Indian mascot plagues Cleveland baseball team

Fred Jeter | 9/22/2017, 9:43 p.m.
The Cleveland Indians are perhaps the best team in baseball, but the Ohioans may be striking out when it comes ...

The Cleveland Indians are perhaps the best team in baseball, but the Ohioans may be striking out when it comes to sensitivity training.

The franchise’s decades-old logo — Chief Wahoo — has drawn widespread criticism as ethnic stereotyping.

Native Americans, social scientists, religious and education groups are among those campaigning to have the offensive logo laid to rest.

Chief Wahoo, as well as the name Indians, was challenged unsuccessfully last year in Superior Court in Ontario, Canada, by indigenous activist Douglas Cardinal.

“I hope that, one day, Cleveland’s ownership will realize that its racist name and logo has to go — entirely,” Cardinal told The Guardian last year prior to Cleveland’s playoff series in Toronto.

“Until then, we will continue to argue our case before the appropriate legal authorities.”

Cardinal also has lodged complaints with Canada’s Human Rights Tribunal and the Canadian Human Rights Commission.

It has become an opening-day tradition in Cleveland for Native Americans to protest Chief Wahoo’s presence outside Progressive Stadium.

Until 1946, the Indians’ logo depicted a Native American with a stern expression, in full feather headdress.

There is nothing remotely noble about the Chief Wahoo logo, a cartoonish caricature of a man with a blood red face, grin and feather in his headband.

In response to criticism, Cleveland management has tried slightly to minimize Chief Wahoo’s presence, sometimes replacing the logo with a block capital “C.” The “C” now appears on the team’s road uniform caps, but Chief Wahoo is still worn on the left sleeve of the uniform away from home.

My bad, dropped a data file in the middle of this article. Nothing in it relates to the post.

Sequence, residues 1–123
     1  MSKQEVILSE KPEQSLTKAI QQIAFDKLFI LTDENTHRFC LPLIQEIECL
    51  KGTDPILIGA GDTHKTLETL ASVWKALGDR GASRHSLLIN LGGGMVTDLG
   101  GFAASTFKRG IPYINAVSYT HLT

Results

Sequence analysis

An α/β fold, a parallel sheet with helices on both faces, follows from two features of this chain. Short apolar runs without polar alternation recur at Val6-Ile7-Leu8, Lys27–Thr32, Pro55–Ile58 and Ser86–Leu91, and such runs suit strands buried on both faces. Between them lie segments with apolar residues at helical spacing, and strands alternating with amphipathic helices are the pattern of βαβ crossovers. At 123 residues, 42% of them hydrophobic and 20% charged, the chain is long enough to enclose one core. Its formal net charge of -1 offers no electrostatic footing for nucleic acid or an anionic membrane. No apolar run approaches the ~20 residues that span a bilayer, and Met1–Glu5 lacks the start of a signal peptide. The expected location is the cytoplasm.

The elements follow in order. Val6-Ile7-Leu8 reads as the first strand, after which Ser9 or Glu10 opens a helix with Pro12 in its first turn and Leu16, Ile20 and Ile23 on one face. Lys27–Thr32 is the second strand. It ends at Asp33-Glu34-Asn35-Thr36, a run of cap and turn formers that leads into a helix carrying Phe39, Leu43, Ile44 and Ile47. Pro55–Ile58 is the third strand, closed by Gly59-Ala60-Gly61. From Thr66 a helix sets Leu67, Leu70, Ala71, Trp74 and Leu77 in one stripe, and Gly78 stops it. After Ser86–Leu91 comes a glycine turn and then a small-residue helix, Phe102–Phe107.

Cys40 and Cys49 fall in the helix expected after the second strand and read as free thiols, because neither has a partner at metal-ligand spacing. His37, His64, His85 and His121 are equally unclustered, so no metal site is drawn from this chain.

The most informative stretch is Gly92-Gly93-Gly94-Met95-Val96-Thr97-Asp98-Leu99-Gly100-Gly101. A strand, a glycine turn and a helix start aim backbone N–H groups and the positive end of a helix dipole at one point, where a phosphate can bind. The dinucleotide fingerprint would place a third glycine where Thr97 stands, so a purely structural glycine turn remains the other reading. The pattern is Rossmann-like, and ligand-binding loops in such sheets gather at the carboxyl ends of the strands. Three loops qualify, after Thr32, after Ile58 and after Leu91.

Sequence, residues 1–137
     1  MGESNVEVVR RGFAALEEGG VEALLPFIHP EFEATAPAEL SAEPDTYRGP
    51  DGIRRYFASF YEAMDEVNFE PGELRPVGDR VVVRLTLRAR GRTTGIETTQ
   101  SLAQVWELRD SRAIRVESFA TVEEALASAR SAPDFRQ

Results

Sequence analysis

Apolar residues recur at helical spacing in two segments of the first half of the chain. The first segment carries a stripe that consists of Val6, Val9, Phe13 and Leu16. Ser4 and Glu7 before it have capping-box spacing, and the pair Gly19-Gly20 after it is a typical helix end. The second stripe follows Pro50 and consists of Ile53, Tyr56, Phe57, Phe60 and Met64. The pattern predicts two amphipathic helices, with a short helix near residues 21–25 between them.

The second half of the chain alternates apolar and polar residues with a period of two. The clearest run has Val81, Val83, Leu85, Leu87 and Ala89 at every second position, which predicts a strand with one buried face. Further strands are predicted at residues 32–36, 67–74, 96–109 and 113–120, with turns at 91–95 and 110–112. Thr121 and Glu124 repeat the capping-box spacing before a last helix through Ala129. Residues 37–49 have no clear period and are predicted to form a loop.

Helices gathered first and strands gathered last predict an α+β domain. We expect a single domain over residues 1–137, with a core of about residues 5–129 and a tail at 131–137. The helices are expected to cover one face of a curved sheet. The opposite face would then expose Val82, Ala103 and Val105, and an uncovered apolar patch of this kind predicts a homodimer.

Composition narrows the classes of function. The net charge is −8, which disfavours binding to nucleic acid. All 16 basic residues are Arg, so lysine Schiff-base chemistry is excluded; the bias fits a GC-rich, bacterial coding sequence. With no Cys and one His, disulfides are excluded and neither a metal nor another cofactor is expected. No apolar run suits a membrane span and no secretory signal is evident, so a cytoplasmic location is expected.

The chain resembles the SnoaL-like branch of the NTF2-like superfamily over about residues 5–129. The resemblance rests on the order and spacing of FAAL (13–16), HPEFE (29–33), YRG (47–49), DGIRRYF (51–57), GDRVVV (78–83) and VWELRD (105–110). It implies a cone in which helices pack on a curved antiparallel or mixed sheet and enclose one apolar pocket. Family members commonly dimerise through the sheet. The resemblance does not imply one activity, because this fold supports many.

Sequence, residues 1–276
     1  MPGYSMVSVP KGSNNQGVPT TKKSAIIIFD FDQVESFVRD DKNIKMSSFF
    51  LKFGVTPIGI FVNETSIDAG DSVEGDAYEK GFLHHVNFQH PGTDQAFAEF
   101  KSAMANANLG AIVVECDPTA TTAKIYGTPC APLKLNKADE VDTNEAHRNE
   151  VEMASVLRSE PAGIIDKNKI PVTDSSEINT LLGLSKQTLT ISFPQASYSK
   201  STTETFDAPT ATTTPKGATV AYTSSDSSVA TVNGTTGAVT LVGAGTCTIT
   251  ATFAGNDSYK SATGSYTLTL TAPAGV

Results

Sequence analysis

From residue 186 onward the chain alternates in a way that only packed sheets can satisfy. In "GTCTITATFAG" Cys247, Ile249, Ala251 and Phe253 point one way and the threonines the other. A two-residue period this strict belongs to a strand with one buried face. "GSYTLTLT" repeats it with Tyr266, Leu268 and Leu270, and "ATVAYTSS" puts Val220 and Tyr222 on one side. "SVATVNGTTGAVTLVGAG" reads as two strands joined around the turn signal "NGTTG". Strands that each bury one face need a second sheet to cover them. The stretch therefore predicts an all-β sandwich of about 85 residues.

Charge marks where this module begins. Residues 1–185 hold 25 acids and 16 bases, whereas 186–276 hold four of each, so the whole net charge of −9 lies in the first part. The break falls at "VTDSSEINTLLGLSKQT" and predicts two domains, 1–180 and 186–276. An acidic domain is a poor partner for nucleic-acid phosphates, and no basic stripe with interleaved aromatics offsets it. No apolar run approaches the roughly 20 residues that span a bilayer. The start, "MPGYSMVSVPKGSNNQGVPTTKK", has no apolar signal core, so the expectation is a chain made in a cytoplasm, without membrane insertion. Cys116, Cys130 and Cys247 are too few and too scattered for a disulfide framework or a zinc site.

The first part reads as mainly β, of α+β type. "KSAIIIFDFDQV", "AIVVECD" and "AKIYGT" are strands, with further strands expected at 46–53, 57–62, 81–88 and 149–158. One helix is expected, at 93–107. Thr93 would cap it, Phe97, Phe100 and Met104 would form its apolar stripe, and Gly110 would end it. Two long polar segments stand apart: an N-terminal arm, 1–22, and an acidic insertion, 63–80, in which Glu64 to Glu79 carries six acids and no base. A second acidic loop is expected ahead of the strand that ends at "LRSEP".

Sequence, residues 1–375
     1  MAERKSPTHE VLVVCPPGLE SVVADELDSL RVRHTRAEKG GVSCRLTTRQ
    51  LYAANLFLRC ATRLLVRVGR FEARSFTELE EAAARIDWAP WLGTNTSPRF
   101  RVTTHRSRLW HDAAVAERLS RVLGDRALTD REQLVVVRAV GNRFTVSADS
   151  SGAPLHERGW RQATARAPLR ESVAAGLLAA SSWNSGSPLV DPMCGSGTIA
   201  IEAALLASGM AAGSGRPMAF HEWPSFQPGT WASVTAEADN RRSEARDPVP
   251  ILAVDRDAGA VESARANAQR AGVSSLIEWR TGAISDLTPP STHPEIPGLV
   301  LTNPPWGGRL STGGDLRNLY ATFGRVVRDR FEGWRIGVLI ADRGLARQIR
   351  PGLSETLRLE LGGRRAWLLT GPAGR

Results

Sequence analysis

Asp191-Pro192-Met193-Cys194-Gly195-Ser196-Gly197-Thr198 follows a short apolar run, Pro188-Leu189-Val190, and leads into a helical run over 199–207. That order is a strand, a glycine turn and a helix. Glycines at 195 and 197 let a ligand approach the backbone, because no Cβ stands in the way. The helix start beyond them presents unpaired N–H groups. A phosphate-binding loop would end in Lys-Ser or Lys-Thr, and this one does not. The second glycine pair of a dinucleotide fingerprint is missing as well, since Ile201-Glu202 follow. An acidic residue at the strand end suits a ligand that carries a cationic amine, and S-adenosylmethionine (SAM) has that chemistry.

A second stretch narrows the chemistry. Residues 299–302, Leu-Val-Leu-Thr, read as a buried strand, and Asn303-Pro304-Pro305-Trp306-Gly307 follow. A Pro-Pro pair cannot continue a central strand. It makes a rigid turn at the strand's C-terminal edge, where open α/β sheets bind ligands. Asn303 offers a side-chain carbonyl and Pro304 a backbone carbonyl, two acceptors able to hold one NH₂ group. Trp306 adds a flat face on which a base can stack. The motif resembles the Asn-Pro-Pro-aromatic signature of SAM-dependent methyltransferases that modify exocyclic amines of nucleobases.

The home uniform has the Chief Wahoo logo on the cap as well as the sleeve. Batting helmets now carry a “C,” rather than Chief Wahoo.

However, all player photos on Cleveland’s website are with the Chief Wahoo logo on their caps. Chief Wahoo paraphernalia is a moneymaker on the marketing front and remains popular among the team’s fans.

To its credit, Cleveland chose to use mostly the “C” logo for spring training in Arizona, where there’s a larger Native American population.      

On the diamond, Cleveland recently rolled off an American League record of 22 straight victories. The Indians reached the World Series last year — losing to the Chicago Cubs — and are primed for a postseason run again.

The team was called the Naps — short for player-manager Napolean Lajoie — until 1915, when it was renamed the Indians, largely because of the popularity and historical significance of Native American player Louis Sockalexis.

The left-handed outfielder, nicknamed “Deerfoot of the Diamond,” was a member the Penobscot tribe of Maine. He hit .313 for Cleveland from 1897 to 1899 and is considered the first Native American to play in the major leagues.

Manager Terry Francona’s current lineup is ripe with talented players of color from the United States and the Caribbean.

Centerfielder Austin Jackson from Denton, Texas, shortstop Francisco Lindor from Puerto Rico and first baseman Carlos Santana and third baseman Jose Ramirez, both of the Dominican Republic trigger an explosive offense.

All-star outfielder Mike Brantley from Bellevue, Wash., currently is recuperating from an ankle injury.

Carlos Carrasco of Venezuela is among the league’s top pitchers.

Chief Wahoo brings to mind another once famous baseball figure — the Atlanta Braves’ mascot Chief Noc-A-Homa.

Noc-A-Homa “lived” in a teepee beyond the left field fence at the Fulton County Stadium and emerged to celebrate Braves home runs with something resembling a tribal dance, occasionally with Princess Win-A-Lotta.

In 1986, Noc-A-Homa and Win-A-Lotta were retired by management.

Hopefully Cleveland will get the hint.